However, she said the afternoon after which Chancellor Kwasi Kwarteng outlined the growth plan was “probably my happiest moment as prime minister” adding “I was ecstatic”.

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Truss’ time as PM

Mr Kwarteng was sacked three weeks later amid rising mortgage costs, before most measures in the statement were axed in an attempt to stabilise financial markets.

Kwasi Kwarteng
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Kwasi Kwarteng was also sacked following the mini-budget. Pic: PA

The serialisation also includes behind-the-scenes details of domestic life as a senior government figure.

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While foreign secretary, Ms Truss says she was forced to share the grace-and-favour Chevening mansion in Kent with her predecessor Dominic Raab and would find “protein shakes labelled ‘Raab’ in the fridge”.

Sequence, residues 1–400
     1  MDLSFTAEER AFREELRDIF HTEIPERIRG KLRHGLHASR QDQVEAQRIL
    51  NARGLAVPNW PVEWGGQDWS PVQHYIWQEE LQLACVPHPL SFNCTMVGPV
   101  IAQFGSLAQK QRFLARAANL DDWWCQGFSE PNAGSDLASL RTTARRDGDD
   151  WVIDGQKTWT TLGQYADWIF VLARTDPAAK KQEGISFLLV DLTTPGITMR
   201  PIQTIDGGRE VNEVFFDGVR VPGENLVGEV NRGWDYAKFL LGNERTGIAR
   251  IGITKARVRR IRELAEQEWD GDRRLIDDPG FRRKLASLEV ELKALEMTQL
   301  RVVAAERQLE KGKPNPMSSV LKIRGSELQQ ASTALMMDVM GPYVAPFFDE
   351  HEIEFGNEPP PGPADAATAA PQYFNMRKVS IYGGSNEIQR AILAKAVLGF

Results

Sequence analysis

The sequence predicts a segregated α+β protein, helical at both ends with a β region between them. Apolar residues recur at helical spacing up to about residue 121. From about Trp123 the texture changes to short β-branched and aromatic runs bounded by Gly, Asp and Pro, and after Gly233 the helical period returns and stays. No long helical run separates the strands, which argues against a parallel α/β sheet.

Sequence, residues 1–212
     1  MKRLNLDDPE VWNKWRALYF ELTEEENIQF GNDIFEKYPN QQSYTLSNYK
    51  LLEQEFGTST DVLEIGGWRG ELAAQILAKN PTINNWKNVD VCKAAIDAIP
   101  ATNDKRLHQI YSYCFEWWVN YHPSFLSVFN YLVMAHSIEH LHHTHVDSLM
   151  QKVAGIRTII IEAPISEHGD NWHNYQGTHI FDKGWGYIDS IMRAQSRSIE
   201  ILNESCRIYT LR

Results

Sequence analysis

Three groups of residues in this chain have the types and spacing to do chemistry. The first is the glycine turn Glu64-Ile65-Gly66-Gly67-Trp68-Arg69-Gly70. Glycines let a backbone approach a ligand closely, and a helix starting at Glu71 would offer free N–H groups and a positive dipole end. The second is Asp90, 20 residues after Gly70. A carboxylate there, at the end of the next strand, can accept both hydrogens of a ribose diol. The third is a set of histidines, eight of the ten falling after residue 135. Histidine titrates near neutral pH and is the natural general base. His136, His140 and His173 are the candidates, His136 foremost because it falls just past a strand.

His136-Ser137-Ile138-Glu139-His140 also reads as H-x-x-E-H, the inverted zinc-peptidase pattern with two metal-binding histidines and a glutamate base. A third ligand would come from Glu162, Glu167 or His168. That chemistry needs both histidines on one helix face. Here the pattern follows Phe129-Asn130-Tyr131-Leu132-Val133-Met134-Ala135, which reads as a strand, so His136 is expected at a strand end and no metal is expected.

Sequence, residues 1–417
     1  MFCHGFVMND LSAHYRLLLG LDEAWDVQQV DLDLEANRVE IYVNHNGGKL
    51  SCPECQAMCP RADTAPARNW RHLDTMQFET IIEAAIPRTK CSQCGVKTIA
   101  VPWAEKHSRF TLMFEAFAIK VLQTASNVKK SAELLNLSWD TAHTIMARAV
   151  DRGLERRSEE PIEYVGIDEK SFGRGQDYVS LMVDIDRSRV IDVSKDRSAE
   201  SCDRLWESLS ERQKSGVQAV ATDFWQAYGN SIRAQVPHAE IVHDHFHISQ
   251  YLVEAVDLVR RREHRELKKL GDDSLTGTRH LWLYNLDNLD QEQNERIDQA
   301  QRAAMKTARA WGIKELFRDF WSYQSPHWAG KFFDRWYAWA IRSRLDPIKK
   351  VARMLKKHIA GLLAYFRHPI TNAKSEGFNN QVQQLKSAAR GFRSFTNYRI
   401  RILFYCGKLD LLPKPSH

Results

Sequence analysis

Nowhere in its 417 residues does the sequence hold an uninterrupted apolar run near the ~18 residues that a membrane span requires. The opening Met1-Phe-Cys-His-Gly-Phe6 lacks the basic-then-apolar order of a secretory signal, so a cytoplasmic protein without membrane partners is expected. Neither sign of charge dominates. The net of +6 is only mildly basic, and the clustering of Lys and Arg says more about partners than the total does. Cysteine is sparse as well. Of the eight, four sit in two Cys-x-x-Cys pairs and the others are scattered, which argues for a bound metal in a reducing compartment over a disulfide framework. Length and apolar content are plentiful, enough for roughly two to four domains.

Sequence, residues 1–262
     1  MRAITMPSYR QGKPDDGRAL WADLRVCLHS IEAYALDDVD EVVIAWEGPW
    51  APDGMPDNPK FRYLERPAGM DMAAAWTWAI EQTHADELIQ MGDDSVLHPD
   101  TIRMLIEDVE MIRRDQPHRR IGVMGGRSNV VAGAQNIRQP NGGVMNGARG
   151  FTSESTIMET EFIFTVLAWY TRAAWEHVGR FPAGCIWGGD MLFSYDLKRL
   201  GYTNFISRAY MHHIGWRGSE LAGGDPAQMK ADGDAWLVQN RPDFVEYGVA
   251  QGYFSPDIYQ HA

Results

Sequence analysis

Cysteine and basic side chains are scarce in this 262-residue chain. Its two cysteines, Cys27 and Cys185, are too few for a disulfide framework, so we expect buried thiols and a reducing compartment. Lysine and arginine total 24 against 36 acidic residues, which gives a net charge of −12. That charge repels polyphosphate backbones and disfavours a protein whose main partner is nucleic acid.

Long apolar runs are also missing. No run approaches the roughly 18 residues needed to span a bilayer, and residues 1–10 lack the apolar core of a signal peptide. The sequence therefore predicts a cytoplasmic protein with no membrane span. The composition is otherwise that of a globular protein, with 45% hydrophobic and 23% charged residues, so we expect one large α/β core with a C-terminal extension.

Anecdotes, complaints and lamentations – but a lack of self-awareness


Rob Powell Political reporter

Rob Powell

Political correspondent

@robpowellnews

Given Liz Truss is the shortest-serving prime minister in UK history and given she oversaw an economic meltdown and was forced to fire her own Chancellor and repeal most of her policy offering, the extracts of her memoirs are strikingly bereft of any self-criticism or self-awareness.

As the political blogger Sam Freeman has pointed, bits of the book feel like a ‘what I did on my holidays school essay’.

There’s amusing and eminently readable anecdotes about trying to get Ocado shops delivered to Downing Street, taking her children into the government nuclear bunker, and finding Dominic Raab’s protein shakes in the fridge at the foreign secretary’s country residence.

There’s also some complaining.

The former Prime Minister laments having to book her own hair and make up and says a lack of medical support meant her private secretary had to get her cough medicine in the middle of the night.